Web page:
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[Editor’s note: This story was contributed by Dr. Christy Lane, cofounder and COO, Vivametrica, who spoke earlier this week at VentureBeat’s HealthBeat 2014 conference. You can find more stories from HealthBeat here.]

Recently, Apple unveiled its sensor-laden smartwatch. Two of these sensors are meaningful to me as an exercise scientist: a heart rate monitor and an accelerometer. Having both of these sensors in the same gadget is an exciting opportunity to see just how reliable and helpful a health wearable can be.

Heart rate (HR) is a basic yet very powerful metric: your resting heart rate can tell a lot about your health, and your heart’s response to exercise can tell even more. Exercise physiologists have been using heart rate to prescribe and monitor athletic training programs for decades. Clinical exercise prescriptions are also based on heart rate ranges.

However, heart rate is not the be all and end all of health metrics, particularly for measuring intensity. The best physiological measure of intensity is oxygen consumption (VO2). The problem with VO2 is that it is difficult and expensive to measure. Generally, you need cumbersome equipment, a lab and an exercise physiologist to run the test. There are portable VO2 measurement units available now, but they’re pricey. Luckily, we can estimate VO2 based on heart rate. In fact, there is a linear relationship between the two. In the light-to-moderate ranges of activity, HR is a perfectly fine measure of intensity and fitness.

Now, HR is not a pure measure of exercise intensity, which is both a limitation and an advantage. Why? Because physiological processes aside from movement influence HR. Try this: put your fingers on the carotid artery in your neck and count the number of beats you feel in one minute. Now think about your most horrible boss. Think about a gut-wrenching breakup, or the traffic jam on your way to work. Now measure your heart rate again. It is probably higher now. Heart rate is influenced by emotion. It is also influenced by stress, temperature, nicotine, caffeine and health condition. This means that HR is not a perfect measure of physical activity intensity.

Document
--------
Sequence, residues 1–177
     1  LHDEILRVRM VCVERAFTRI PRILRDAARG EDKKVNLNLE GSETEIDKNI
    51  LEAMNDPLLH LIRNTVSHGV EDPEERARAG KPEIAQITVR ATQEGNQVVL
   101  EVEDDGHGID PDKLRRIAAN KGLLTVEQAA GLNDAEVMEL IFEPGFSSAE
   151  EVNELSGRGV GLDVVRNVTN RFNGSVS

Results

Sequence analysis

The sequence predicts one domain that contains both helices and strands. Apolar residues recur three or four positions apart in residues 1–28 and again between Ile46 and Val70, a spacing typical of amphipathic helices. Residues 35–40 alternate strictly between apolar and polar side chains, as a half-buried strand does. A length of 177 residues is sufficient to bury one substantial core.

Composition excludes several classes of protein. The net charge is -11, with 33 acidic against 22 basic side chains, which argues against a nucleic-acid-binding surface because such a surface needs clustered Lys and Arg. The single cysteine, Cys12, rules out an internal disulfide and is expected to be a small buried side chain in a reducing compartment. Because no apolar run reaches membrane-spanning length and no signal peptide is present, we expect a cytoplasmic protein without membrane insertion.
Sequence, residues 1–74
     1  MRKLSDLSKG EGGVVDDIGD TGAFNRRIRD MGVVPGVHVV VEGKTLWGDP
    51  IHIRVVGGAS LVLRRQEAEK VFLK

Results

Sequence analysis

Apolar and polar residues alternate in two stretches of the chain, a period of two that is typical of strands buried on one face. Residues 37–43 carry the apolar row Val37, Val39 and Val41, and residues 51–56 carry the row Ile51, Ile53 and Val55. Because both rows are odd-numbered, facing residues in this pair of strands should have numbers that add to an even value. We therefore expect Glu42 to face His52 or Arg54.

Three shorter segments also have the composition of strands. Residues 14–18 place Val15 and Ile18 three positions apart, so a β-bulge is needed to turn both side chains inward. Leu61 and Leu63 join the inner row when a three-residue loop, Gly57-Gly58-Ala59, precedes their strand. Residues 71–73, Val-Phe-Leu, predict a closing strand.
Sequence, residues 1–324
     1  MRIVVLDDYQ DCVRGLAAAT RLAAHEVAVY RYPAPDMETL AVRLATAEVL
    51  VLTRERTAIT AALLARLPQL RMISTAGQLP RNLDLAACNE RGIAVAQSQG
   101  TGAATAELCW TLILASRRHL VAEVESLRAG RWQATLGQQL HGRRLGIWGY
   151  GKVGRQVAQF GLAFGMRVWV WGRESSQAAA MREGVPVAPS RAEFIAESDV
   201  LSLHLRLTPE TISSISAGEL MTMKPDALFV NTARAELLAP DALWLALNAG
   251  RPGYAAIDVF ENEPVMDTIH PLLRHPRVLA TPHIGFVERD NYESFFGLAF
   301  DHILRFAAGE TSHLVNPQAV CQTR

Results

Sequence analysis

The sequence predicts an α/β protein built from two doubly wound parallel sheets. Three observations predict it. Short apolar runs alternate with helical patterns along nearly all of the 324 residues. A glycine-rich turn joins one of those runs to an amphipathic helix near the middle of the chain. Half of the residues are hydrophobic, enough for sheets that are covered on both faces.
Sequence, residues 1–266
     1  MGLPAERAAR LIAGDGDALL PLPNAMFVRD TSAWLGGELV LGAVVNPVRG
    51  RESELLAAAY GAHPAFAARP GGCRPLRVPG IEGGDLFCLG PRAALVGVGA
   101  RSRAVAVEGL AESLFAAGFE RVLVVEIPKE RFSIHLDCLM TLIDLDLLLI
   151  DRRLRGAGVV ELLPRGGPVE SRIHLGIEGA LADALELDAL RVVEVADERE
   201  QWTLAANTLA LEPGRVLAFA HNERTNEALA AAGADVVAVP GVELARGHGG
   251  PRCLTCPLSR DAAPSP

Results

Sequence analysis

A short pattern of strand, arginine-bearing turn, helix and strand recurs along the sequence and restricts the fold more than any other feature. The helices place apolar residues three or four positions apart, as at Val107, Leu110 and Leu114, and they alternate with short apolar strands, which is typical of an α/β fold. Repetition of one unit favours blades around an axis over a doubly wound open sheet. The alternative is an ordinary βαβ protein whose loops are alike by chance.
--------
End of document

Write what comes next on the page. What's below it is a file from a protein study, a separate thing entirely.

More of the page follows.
This is where the other Apple Watch sensor, the accelerometer, comes in. Accelerometers are fabulously accurate for measuring exercise intensity. They also work independently from the rest of your life, emotions and bodily functions. They’re a great objective and consistent tool for monitoring and prescribing physical activity.

Here’s why I’m excited about having these two sensors in one device. Think Jerry McGuire: they complete each other.  Heart rate can tell us about physiological processes that the cold and calculating accelerometers cannot. On the flip side, accelerometers provide us with accurate measurement unfettered by our morning coffee, stressful meeting or bad cough. Together, these metrics make a very powerful team.

Here are just two of the exciting applications for this power couple:

  • Stress: While an accelerometer can’t provide insight into stress, a heart rate monitor can. Long-term records of heart rate for individuals will be very powerful in stress assessment and management.
  • Cycling: People constantly complain to me that their fitness wearable device cannot account for their daily cycle. This is where heart rate comes in. Imagine a device that is smart enough to decide when HR is the better measure of intensity vs. the accelerometer.

From a scientific perspective, I am excited about how science will apply these two key health metrics, which haven’t before been readily accessible to consumers. From the perspective of a human being, I’m looking forward to foregoing the hefty heart rate monitor shoved under my sports bra. I feel better already.

Dr. Christy Lane is cofounder and COO of Vivametrica. She is an exercise scientist with expertise in physical activity and its relationship to health. Christy teaches anatomy and exercise sciences and focused her research on outcomes and treatment for common spinal disorders as well as exercise rehabilitation for special populations.

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